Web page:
If you want some andouillettes/chitterlings,
this place in Mennetou specializes in them.

Speaking of the weekend, in Mennetou this one will be given over to the Foire aux Andouillettes (the Chitterling Sausage Fair — chitterlings are hog intestines, if you don't know). It's the 36th annual such fair, and here's a link for more information. Along with all the andouillettes you can eat (can you say "acquired taste"?) and other local food specialties, for the price of admission you also get live folk music by local groups, exhibits of local livestock, and a carnival for the enjoyment of your children.


  1. The intricate brickwork on this old house is really amazing and very pleasing to the eye.

  2. I'm not an expert but the flowers look like Fritillaria.

    Just googled them - they're not Fritillaria.


    P.S. The word verification letters are much easier to decipher now. For a couple of days they were very difficult.

  3. Whatever these flowers are, I want some. Might they be a form of English or Spanish bluebell? The flowers are larger than any on my bluebell bulbs.

    Yes, the word verification has improved and I'm grateful.

  4. Mennetou sur Cher might have been nearly forgotten but not anymore with your photos and reportage. It's all over the web now. Your link on "La Foire aux Andouillettes" was also very interesting. The different music groups should be fun to listen to.

    When I was young, in Montreal, we used the word "andouille" for someone a bit "niaiseux". I'll try to find out the connection.

  5. Bonjour Claudia, en France on utilise le même terme pour décrire quelqu'un qui n'est pas très fûté. On l'appelle espèce d'andouille !

  6. Merci, Ken, pour confirmer.

    Vikipedia explains first the gastronomy, then the French insult. Andouille: ridiculous, incompetent. May be linked to the British slang,"Silly sausage" for stupid, foolish or naive.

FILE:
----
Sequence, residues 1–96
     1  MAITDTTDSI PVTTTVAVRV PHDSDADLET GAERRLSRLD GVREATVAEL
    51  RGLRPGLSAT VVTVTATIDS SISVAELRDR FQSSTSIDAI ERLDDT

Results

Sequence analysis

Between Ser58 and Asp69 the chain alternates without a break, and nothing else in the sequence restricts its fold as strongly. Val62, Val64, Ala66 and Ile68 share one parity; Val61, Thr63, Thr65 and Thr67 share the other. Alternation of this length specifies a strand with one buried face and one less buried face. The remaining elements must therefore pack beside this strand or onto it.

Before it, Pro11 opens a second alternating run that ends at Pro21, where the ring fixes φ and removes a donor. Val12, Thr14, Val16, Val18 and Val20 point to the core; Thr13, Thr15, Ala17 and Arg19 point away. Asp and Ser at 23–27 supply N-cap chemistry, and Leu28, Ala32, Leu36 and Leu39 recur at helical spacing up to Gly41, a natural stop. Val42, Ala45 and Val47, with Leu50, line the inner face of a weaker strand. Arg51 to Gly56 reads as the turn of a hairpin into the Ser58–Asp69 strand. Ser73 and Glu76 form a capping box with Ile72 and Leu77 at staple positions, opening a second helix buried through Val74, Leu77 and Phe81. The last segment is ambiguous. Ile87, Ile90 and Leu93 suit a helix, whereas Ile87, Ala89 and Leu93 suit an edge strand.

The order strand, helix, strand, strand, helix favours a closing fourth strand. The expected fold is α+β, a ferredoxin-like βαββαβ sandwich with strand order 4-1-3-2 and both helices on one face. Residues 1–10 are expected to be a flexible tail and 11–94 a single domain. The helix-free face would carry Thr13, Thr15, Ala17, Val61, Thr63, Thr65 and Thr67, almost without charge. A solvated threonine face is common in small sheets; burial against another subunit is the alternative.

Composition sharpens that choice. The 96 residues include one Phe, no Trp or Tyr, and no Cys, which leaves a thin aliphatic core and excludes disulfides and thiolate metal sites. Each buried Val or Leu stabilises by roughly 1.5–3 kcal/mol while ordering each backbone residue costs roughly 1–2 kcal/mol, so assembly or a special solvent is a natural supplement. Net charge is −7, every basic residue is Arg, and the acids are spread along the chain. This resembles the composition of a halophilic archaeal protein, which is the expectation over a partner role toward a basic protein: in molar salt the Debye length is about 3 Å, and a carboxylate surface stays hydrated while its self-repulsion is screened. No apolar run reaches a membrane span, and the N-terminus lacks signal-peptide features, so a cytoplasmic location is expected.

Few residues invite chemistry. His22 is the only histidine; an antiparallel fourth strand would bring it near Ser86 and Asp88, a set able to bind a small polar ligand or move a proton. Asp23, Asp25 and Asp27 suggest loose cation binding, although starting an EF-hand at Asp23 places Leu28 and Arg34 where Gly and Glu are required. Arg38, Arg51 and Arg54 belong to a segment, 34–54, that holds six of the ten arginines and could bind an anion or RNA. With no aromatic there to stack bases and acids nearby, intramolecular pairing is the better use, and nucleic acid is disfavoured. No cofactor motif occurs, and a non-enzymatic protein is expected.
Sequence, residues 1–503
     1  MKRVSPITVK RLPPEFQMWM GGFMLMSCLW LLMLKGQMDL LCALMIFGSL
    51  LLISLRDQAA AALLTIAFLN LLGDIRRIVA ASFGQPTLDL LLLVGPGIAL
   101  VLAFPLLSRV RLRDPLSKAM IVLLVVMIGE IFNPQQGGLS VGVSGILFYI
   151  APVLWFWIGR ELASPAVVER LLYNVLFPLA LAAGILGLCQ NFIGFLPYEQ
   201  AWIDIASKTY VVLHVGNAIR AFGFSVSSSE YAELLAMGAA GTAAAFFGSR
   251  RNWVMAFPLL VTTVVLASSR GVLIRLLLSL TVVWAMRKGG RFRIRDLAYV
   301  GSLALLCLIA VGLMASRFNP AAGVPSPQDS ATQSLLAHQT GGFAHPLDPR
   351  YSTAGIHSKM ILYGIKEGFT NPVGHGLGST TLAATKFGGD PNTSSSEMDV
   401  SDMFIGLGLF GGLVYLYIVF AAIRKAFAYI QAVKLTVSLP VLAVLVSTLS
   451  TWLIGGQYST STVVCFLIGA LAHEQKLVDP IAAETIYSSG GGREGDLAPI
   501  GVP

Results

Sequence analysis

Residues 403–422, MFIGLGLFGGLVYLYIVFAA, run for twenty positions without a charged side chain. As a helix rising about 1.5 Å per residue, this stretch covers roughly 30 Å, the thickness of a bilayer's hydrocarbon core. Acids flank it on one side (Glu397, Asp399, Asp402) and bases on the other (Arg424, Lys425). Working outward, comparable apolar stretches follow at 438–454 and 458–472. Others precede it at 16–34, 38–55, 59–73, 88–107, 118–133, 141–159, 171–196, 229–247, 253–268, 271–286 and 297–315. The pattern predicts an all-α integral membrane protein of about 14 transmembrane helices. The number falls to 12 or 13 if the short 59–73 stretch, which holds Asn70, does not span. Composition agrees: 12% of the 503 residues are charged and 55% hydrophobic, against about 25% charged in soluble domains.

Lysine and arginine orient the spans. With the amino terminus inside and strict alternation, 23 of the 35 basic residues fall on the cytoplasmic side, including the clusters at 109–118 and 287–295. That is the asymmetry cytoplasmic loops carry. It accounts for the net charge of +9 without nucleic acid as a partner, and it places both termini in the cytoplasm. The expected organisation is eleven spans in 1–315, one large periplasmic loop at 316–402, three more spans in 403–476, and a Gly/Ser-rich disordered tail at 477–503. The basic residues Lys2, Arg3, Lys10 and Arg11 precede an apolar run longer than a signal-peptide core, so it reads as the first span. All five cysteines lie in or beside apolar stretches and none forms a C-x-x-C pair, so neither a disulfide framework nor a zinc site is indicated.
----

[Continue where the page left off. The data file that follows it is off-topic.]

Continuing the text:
Je ne savais même pas, avant de lire votre link, qu'une andouille était un genre de saucisse. La vie est souvent amusante!

  7. Andouille is definitely a taste you may (or more likely, may not) acquire. Simon has, I haven't. They must be pretty bad - quite a few French people won't touch them either :-)
    Louise is right - the blue flowers are Spanish Bluebells Hyacinthoides hispanica. They can be distinguished from English Bluebells Hyacinthoides non-scripta because the Spanish ones are a less intense blue, have less tightly reflexive petals, sit less regularly in relation to the stem and are not scented. The two species hybridise very easily and both the hybrids and the Spanish species are more vigorous than the English, causing a problem in Britain because they escape into the wild.

  8. I noticed the same thing with the word verification on Blogger for a while -- it was taking me three times to get them right?

    By the way, which road did you take?

  9. Betty, I'm not sure what your question is. Do you mean the road from Mennetou to Saint-Aignan? We drove through Saint-Loup, Saint-Julien-sur-Cher, Meusnes, and Couffy to Saint-Aignan, along the left (south) bank of the Cher, avoiding the N76 on the other side of the river (it's boring). Was that the question?

  10. I meant the road to Hell or the road to Heaven! I guess I should have said "street," but somehow road sounded better!

  11. LOL, Betty. I think the rue de l'Enfer is slightly longer, but the two streets are parallel and basically the same. And actually, we walked down the rue de l'Enfer. It was a pleasant stroll.

  12. I hope it was paved with good intentions.